Web Content Accessibility Guidelines (WCAG) 2.0 is a W3C standard that is designed to be stable and relevant even as technology changes. One of the benefits of WCAG 2.0 over WCAG 1.0 and other accessibility standards is that 2.0 applies to more advanced technologies, including current, future, and non-W3C technologies. WCAG 2.0 is broadly applicable and technology independent.

Detailed guidance, including technology-specific guidance, on meeting WCAG 2.0 is provided in these supporting documents: (1) 'Techniques for WCAG 2.0', providing guidance for developers with general and technology-specific examples, including for HTML/XHTML, CSS, scripting, multimedia, Flash, and WAI-ARIA; (2) 'Understanding WCAG 2.0', which documents the intent of the guideline or success criterion; how it helps people with different disabilities, browser and assistive technology support notes, examples, and resources.

These supporting documents are designed to be expanded and updated periodically to cover current practices and technologies. The first publication of these supporting documents covered the sufficient techniques and other basics, although they did not document all known techniques (some were marked as 'future link') nor cover all technologies. Today's publication demonstrates WAI's commitment to update the WCAG 2.0 supporting documents..."

See also: the W3C Web Content Accessibility Guidelines Working Group (WCAG WG)

NIST Releases Smart Grid Standards
Elizabeth Montalbano, InformationWeek

"The National Institute of Standards and Technology's interoperability and security standards are ready for adoption by federal and state energy regulators. NIST has identified five sets of foundational standards for smart grid interoperability and cybersecurity, furthering the administration's plan for a next-generation, nationwide utility grid.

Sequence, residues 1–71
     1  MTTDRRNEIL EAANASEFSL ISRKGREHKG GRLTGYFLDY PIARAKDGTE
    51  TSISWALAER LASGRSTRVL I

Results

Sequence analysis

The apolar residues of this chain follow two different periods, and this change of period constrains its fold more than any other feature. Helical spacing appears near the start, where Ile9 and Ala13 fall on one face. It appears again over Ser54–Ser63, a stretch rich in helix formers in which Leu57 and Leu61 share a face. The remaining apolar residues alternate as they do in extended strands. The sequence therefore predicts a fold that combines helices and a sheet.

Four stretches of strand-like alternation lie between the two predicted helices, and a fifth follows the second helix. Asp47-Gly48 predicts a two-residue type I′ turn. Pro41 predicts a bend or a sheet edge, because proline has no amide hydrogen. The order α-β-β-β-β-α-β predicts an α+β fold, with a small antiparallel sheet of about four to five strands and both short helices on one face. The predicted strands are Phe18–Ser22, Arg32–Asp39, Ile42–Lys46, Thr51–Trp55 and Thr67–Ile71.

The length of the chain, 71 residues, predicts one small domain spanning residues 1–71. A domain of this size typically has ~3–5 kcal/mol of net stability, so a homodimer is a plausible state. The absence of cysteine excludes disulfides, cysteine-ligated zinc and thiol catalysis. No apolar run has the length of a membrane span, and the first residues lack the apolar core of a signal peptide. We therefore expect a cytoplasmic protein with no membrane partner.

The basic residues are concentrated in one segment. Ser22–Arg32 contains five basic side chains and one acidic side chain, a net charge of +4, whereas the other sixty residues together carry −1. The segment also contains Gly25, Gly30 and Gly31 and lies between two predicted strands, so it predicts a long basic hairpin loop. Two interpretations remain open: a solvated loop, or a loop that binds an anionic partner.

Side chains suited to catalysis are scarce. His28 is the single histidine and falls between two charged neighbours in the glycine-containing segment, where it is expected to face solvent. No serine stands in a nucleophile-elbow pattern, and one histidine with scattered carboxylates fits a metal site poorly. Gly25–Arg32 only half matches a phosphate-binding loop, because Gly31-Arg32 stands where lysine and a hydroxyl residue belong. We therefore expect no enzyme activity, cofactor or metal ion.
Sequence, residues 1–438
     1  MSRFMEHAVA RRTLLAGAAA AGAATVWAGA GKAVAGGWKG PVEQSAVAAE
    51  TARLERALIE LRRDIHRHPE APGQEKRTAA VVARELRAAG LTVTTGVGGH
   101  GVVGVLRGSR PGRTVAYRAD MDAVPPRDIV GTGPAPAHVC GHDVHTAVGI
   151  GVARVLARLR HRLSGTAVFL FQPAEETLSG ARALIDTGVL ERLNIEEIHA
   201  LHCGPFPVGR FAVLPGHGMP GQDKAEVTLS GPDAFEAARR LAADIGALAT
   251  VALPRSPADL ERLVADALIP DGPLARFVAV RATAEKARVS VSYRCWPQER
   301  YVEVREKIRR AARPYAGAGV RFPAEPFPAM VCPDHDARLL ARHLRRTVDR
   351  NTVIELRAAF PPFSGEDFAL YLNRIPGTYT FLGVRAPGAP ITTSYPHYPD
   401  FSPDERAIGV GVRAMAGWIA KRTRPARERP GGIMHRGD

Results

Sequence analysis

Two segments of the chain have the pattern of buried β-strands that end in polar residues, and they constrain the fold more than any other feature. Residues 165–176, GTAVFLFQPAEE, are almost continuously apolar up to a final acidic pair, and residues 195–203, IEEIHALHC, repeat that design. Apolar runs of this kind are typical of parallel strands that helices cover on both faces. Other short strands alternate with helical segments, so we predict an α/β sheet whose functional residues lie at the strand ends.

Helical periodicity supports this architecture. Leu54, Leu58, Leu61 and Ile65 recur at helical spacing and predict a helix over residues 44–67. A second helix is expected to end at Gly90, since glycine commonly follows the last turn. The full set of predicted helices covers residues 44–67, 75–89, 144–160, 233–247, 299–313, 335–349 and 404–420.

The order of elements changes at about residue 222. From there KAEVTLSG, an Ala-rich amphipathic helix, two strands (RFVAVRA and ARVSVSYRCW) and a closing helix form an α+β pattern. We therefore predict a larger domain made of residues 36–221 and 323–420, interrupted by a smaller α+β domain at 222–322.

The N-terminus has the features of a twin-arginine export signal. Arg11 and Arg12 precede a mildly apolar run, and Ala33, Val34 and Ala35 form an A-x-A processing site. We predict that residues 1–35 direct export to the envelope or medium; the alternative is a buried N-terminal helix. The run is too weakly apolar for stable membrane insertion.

NIST told the Federal Energy Regulatory Commission (FERC) that the standards —which deal with information models and protocols for reliable and secure grid operations—are now available for consideration and adoption by federal and state energy regulators. Together, the next sets of NIST standards are part of efforts identified in the FERC's Smart Grid Policy Statement, released in July 2010. While NIST is coordinating the development of smart grid standards, the FERC is in charge of policy to ensure adoption of them.

Two of the sets of newly defined standards (IEC 61970 and IEC 61969) provide what is called a Common Information Model (CIM), which is necessary for exchanging data between devices and networks. IEC 61970 works in the transmission domain, while IEC 61969 works in the distribution domain. CIM standards are integral to the deployment of a smart grid scenario, in which many devices connect to a single network. Two other sets of standards, IEC 61850 and IEC 60870-6, also deal with communication and information exchange. The former facilitates substation automation and communication, as well as interoperability through a common data format, while the latter facilitates information exchange between control centers. The fifth set of standards, IEC 62351, defines cybersecurity for the communication protocols defined by the previous four sets.